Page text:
Students take hijab challenge


Amanee Robinson (right) helps a Fresno State put on a hijab. Students were challenged to spend a day wearing the traditional Islamic garment. Courtesy James Ramirez

Students, faculty and even Mary Castro, wife of Fresno State President Joseph Castro, wore headscarves for a day last week in an attempt to walk in the shoes of a Muslim-American woman.

More than 70 people participated in the Muslim Student Association’s “Hijab Challenge,” a number that club president Amanee Robinson said astounded her.

“We expected 20 people to volunteer, maximum,” she said. “The fact that we had more than 70 sign up and all the positive feedback… it’s heartwarming, and it brings a huge smile to my face whenever I think about it.”

“As president of the MSA, I feel that a lot of our members have been discriminated against because they wear the hijab,” Robinson said. “This challenge was an opportunity for girls to wear the headscarf for a day and experience what it’s like for our Muslim sisters on campus.”

Club members rented out headscarves to students and wrapped them on participants so that they looked like Muslim women in hijab.

“The hijab is a symbol in Islam,” Robinson said. “It’s a state of dress where girls are covering their bodies from their head to their toes, excluding their hands, feet and face, obviously. It is is a modest form of dress that is bylawed by Islamic codes.”

Robinson said the purpose of the event was to promote awareness on campus.

“We hope that to a lot of girls who wore this, the hijab won’t be such a mystery anymore,” she said. “Girls will understand that, you know what, the people that wear the scarves are just girls like them. It won’t be a big shocker when they run into a Muslim girl.”

Alma Lara, a senior at Fresno State, decided to try the challenge last week.

“It’s very different from my Mexican culture, but I wanted to try stepping into someone else’s shoes,” Lara said. “It was tough, though – I’m self-conscious, and I know how much resentment or discrimination there is against this group. But I guess that’s what these Muslims girls feel all the time.”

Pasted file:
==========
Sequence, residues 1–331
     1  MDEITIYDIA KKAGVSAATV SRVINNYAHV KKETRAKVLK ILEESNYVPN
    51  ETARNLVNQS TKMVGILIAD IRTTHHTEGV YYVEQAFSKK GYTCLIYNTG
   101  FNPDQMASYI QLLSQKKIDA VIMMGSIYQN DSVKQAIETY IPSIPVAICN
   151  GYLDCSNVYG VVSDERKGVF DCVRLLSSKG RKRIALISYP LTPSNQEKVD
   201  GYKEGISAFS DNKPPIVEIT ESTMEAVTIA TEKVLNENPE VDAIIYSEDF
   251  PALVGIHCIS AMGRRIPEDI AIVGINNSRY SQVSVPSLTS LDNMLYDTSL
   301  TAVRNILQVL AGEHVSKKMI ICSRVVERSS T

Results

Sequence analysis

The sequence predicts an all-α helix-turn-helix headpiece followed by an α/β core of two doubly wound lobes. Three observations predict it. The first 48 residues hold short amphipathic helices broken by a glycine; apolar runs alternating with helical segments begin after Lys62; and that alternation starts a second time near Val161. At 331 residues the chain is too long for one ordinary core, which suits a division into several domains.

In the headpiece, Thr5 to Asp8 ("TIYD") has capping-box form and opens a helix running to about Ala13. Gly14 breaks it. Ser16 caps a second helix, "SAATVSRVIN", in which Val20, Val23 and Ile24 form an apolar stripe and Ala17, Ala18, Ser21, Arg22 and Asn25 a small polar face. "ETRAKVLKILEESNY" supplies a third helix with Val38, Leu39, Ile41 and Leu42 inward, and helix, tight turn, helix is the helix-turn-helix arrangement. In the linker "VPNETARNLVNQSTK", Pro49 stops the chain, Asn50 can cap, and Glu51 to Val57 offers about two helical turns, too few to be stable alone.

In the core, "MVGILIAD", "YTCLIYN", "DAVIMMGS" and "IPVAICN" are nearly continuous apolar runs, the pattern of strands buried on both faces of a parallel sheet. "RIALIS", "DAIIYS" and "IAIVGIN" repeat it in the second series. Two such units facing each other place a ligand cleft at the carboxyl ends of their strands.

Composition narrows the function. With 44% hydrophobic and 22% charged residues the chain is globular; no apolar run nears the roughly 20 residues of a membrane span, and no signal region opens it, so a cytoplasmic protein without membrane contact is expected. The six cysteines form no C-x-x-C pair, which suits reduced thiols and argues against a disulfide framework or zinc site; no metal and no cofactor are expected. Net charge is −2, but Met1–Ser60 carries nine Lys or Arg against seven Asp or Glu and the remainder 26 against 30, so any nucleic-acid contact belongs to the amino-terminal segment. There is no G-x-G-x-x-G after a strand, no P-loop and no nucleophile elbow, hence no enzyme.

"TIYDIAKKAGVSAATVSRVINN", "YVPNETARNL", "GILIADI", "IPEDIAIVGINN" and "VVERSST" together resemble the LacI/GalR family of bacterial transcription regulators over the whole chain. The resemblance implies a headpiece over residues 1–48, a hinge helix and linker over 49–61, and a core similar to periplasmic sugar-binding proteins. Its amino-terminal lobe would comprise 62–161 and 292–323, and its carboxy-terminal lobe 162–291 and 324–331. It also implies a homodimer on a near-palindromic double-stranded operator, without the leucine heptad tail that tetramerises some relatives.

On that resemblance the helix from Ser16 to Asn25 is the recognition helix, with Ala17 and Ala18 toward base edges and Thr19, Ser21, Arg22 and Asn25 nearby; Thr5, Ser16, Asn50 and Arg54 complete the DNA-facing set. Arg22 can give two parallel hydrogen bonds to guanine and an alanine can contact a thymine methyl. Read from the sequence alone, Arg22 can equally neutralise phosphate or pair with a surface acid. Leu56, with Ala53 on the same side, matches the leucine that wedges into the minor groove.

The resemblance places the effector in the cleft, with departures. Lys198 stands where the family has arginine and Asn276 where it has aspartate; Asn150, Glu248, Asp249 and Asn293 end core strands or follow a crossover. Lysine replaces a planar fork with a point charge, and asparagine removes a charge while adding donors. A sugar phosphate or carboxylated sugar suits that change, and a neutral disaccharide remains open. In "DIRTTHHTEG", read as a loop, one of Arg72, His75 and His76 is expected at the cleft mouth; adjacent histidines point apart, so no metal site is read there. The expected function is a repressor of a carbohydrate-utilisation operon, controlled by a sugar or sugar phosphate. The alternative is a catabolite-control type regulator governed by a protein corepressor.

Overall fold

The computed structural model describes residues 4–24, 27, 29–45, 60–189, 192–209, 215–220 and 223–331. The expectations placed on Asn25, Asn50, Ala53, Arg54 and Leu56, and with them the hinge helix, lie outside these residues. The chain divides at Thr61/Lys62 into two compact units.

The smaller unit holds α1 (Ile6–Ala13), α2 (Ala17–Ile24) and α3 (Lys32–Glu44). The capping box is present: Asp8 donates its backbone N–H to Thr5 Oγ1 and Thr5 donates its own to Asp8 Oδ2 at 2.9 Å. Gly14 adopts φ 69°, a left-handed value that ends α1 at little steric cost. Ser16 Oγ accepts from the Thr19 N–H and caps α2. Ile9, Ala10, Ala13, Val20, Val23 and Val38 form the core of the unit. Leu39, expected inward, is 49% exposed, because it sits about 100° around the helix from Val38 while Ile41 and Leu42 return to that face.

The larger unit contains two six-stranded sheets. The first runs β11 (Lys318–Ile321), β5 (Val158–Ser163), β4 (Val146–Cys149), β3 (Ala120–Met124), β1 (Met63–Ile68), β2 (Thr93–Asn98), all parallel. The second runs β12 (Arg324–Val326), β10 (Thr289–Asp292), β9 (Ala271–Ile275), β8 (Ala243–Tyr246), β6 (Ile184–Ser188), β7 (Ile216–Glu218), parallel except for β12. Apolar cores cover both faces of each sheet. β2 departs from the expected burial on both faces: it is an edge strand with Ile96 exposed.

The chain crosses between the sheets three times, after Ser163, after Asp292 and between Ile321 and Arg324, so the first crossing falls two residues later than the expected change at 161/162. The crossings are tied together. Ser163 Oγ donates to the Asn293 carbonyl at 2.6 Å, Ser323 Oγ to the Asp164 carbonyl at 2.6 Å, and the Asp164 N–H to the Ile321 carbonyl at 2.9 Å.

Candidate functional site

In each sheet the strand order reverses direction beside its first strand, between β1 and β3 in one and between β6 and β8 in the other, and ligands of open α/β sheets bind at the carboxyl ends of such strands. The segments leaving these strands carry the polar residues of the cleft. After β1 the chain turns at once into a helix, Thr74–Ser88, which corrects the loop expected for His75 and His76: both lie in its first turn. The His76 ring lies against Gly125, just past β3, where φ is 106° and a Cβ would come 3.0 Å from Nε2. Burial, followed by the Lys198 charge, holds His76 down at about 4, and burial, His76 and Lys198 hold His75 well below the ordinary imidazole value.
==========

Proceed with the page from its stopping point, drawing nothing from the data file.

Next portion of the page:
Even Muslim students said they found the challenge eye-opening.

“I’m actually a Muslim girl, and I wondered why I never tried the hijab,” said Nadia Sahyounie, a business student at Fresno State. “So I thought I’d try it because I wanted to see if people would treat me differently.  I wanted to see what if feels like to be more modest and reserved. I just wanted to see how I feel about it. And I’ve heard some whispers while wearing it, but overall, I feel like people have been more respectful. A lot of people will just smile and nod. It’s nice.”

All participants had the opportunity to sign up for the hijab challenge photo shoot on Thursday and Friday with University Communications assistant photographer James Ramirez. He collaborated with the MSA to organize the hijab challenge.

“It started with an idea for a photo,” Ramirez said. “I thought it’d be cool to have a photo of a female in full burqa with an American female in like, yoga pants or something more revealing, more sexualized compared to the other. To have a photo of the two extremes.”

Ramirez went to the MSA with his idea early this semester.

“We narrowed it down to this idea of the hijab challenge for the project,” he said. “And now, I’m surprised to see it happen. The idea of it starting as a small idea from a white Mexican-American guy to this is incredible.”

On Thursday and Friday, Ramirez photographed and interviewed participants of the challenge. He said he is working on getting the piece shown in a Fresno State gallery next semester.

“I enjoy art that almost startles you or makes you think a little more,” Ramirez said. “So the idea with this is that you would see all these different characters or races in a headscarf. What it addresses is that we initially make judgment on sight. Sometimes, we lack diving into someone’s character or personality to see who they are.”


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